slow internet on OS X (w/Safari or Firefox)

January 27, 2007 at 12:41 pm | Posted in Charter, DNS, DNS caching, DNS server, firefox, internet, Mac, page load, rndc, safari, slow, timeout, vi | 5 Comments

Here is some great information that others might benefit from. My boss has requested this information and I just finished sending it to my officemate’s son, so I figured that it wouldn’t hurt to post something useful on here. Before you read on, know that this fix also works with Windows too. It’s really a two part fix. First we are going to enable the DNS caching on OS X and then we will redirect DNS requests from your local DNS servers to the big kahunas (or whichever you choose). In Windows, the DNS caching comes already enabled, so all you need to do is change the DNS servers to something different than those provided by your ISP (which in my case with Charter are horrribly slow). Hope this helps! Please post a comment or suggestion if this is helpful or if I could provide better instructions…

This procedure is absolutely harmless and undoable if it doesn’t work for you. The reason I went searching for this is because I had problems in Safari and Firefox with really lengthy page loads and very frequent timeouts. It was such a headache; the fix has made all the difference in the world! Part of the problem is that OS X Tiger does not come configured with DNS caching (like Windows does). Turning this feature on will make it so that Safari or Firefox (or whatever browser you use) won’t have to “look up” the DNS information every time you try to visit a web page. The second part of at least my problem was that the Charter DNS servers are horribly slow at times. I have even configured all of my Windows machines to use the big kahuna DNS servers instead of Charter’s dinky ones…

Here’s what you need to do:

  • Open a terminal window as an administrator (you’re going to need sudo privileges)
  • Type in this command (w/o quotes): “rndc-confgen > /etc/rndc.conf
  • Now type this command (w/o quotes): “head -n 6 /etc/rndc.conf > /etc/rndc.key
  • Next type in this command (w/o quotes): “ sudo vi named.conf
  • When prompted, enter the password for the user that you are logged in as
  • This will open up VI
  • Use the J and K keys to navigate down and up, respectively
  • Navigate to the section that looks like this:

forwarders {
x.x.x.x;
x.x.x.x;
};

  • Again, using the J and K keys to navigate down and up and the H and L keys to navigate left and right, respectively, get your cursor close to the “x.x.x.x”. Press the letter I key to insert text.
  • Put these DNS servers in (or DNS servers of your choice; sometimes the DNS servers of a nearby university or major hub will do just fine, you can use a DNS lookup service to figure out what the server addresses are):
  • When you are done, it should look like this:

 

forwarders {
4.2.2.2;
4.2.2.3;

};

  • It is very important that you use the semi-colons. When I first did this, I left off the semi-colon after the } at the end and it didn’t work. It took me a little while to find out what I did wrong.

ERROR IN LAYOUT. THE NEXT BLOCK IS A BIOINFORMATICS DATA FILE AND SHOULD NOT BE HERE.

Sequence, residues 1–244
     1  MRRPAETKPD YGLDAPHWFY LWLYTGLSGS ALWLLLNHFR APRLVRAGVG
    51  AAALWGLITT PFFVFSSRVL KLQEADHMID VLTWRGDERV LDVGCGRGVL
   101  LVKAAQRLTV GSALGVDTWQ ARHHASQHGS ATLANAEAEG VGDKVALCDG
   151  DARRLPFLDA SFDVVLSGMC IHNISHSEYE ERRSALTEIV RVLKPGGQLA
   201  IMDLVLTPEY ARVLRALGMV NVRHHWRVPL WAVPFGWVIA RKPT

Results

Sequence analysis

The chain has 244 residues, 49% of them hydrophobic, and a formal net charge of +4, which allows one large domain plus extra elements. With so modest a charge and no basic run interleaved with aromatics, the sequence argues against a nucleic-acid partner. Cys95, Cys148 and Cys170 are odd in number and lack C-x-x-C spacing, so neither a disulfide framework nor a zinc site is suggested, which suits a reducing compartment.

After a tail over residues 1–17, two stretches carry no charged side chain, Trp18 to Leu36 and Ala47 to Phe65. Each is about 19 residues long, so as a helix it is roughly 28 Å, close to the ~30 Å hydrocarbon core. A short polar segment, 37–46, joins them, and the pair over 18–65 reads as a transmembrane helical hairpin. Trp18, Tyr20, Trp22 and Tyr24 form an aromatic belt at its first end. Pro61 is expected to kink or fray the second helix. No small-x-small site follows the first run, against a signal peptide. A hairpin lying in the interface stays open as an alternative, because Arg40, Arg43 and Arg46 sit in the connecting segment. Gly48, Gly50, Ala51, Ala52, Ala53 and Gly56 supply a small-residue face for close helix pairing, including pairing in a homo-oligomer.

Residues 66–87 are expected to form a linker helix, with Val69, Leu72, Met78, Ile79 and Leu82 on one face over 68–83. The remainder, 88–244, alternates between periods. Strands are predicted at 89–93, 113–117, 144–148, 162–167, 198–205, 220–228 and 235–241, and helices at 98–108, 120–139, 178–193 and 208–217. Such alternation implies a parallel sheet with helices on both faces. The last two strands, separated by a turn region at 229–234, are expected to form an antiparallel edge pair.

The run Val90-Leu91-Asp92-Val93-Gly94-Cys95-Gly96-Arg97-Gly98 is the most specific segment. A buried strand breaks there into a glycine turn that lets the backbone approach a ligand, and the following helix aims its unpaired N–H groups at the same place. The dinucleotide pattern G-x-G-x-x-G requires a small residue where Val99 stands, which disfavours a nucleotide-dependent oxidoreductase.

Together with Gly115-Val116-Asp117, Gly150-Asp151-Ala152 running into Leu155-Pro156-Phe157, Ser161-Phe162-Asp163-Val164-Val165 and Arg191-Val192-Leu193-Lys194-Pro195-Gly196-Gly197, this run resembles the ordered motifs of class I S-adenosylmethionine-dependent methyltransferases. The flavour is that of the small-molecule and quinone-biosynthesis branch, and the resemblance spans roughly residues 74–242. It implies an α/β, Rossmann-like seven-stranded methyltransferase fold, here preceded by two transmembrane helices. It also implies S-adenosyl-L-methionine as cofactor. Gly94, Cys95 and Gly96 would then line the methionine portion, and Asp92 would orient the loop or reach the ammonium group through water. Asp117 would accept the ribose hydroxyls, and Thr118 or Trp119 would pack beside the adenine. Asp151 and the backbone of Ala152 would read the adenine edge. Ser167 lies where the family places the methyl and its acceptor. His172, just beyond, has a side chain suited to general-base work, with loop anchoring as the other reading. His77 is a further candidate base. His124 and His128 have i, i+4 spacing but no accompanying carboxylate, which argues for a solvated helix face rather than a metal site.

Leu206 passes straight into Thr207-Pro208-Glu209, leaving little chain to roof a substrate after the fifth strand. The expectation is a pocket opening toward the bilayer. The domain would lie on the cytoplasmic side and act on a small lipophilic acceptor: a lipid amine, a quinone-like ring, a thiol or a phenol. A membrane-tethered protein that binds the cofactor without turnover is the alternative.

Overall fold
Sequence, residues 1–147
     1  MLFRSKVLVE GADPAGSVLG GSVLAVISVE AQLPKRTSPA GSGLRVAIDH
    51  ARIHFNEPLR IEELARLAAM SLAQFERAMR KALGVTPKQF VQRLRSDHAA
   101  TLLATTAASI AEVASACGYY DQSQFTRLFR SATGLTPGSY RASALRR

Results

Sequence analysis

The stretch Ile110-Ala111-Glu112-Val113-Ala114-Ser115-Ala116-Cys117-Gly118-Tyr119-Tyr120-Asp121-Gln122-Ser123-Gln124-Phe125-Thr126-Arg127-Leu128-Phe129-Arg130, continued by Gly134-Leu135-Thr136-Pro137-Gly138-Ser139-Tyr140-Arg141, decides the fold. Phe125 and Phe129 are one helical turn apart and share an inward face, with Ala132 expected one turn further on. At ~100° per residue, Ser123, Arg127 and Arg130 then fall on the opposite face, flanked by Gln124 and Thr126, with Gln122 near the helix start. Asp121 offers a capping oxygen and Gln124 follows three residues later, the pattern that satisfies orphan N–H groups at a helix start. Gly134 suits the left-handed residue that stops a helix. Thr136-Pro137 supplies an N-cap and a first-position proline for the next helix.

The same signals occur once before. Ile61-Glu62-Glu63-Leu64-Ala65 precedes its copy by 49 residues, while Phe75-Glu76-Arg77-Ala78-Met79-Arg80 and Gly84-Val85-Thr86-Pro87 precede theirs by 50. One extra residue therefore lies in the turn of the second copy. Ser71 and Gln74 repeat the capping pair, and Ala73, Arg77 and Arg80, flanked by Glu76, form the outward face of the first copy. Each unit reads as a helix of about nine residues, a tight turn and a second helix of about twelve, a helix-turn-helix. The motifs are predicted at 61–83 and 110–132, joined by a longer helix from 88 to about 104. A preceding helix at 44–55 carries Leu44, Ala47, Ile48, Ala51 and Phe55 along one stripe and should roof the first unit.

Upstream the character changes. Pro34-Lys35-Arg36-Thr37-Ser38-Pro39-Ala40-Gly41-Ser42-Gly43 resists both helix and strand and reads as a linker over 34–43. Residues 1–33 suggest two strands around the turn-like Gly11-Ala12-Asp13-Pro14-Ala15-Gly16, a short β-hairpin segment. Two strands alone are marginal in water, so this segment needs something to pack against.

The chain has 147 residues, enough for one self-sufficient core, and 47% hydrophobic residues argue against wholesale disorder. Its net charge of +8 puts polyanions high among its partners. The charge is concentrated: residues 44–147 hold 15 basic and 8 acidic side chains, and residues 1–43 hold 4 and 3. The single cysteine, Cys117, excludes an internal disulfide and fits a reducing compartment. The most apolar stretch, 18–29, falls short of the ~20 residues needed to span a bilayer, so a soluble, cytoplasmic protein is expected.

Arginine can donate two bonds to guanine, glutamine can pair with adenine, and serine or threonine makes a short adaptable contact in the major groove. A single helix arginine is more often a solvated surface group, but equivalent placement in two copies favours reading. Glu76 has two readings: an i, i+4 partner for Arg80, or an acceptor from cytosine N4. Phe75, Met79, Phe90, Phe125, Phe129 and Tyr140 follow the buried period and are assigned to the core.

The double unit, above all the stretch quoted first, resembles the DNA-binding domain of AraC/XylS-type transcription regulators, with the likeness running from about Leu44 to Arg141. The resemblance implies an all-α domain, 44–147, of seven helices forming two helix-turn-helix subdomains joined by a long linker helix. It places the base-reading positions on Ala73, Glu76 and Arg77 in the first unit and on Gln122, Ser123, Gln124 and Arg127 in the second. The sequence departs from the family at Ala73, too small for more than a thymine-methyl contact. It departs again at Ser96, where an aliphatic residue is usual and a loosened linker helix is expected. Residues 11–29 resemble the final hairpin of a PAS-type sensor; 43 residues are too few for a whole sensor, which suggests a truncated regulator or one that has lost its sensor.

• Once everything looks OK, press your ESC key.
  • Now press the colon key (Shift + :)
  • Type the letter w the letter q and an exclamation !
    • It should look like this :wq!
    • Press enter and terminal should confirm that named.conf was written and you should be back at the terminal prompt
  • You are done in terminal, all that is left is to reconfigure your network settings (type in Exit or use Command + Q)
  • From the system preferences, choose Network
  • Under the TCP/IP button, there is a section that says DNS servers
  • Put 127.0.0.1 in as your DNS server (this points all domain name requests to those servers that you put in the named.conf file if it can’t find a recent cached address on your local machine)
  • Save your changes and that’s it!
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5 Comments »

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  1. Hi Jim. Photos i received. Thanks

  2. Tried this today. No dice. I get through the password entry and just get a blank terminal window with a bunch of ~’s down the left side. None of the other stuff you describe is there. Bummer, switched to Mac, can’t stand the speed. UN- AC- CEPTABLE APPLE!

  3. Thom: The speed of an internet connection has certainly nothing to do with what kind of computer you are hooking up to it.

  4. I have an iMac G3 and a Powermac G5 at home, a MacMini G4 at work, a Powerbook G4 and MacBook Intel. All running 10.4.10 and all the latest updates. At home I have a wired Cable internet connection on the G5 of 1500 mbps down and 250 up, same at work except there it is ADSL and a wireless network (different provider). Since about one week I am experiencing on all my Mac’s both home and at work extreme slow internet connections. At speedtest it shows download speeds of 30 KByte/sec (240kbps) where it used to be well over 120 KByte/sec (1000 kbps). And uploadspeeds of 7 KByte/sec (61 kbps) versus normaly 30 KByte/sec (240 kbps). Sometimes even much slower. It happens on all my macs with any browser, wired and wireless on both locations. I’ve tried all settings, renewed the preferences, reconfigured internet acces and many more tips found on several forums. Apple refuses to help because al tec help on my machines expired so they say.
    What is going on?

  5. Tried this and found browser performance significantly slower than before making the changes.

    Reverted and speed is now back up to “acceptable”.


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